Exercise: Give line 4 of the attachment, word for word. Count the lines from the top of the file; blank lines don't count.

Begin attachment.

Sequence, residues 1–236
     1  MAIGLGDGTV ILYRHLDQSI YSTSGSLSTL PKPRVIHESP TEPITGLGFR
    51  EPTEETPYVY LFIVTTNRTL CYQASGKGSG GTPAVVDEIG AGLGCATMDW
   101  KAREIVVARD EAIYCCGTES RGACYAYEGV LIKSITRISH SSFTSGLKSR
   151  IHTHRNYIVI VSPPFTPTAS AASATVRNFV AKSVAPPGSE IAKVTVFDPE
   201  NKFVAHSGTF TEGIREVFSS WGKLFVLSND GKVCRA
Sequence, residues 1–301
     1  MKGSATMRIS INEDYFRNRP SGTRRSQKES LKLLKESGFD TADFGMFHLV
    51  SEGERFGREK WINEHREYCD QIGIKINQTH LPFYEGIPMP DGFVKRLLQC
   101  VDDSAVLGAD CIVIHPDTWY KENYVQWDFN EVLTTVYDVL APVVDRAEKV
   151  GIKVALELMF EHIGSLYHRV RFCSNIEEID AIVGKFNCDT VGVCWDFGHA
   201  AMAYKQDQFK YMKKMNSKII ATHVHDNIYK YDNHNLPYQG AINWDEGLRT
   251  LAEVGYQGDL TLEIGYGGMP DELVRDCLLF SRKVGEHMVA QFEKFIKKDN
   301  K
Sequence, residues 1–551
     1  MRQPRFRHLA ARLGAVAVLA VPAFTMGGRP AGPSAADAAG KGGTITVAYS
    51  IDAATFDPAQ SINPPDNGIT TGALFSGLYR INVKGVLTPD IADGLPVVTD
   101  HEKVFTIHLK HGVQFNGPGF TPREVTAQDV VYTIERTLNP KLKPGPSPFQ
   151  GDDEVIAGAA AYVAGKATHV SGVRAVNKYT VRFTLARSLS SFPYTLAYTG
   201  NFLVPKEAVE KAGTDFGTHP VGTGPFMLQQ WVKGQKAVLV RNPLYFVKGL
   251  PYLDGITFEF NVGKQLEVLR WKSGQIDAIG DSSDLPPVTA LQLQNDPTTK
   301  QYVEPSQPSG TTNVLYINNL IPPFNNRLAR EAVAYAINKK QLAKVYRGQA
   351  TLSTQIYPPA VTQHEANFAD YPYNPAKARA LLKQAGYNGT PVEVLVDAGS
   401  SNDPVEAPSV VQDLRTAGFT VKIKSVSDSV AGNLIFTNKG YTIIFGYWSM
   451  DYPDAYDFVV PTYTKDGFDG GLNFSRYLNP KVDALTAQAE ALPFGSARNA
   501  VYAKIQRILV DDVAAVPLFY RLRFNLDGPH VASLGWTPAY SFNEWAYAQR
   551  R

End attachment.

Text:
   101  KAREIVVARD EAIYCCGTES RGACYAYEGV LIKSITRISH SSFTSGLKSR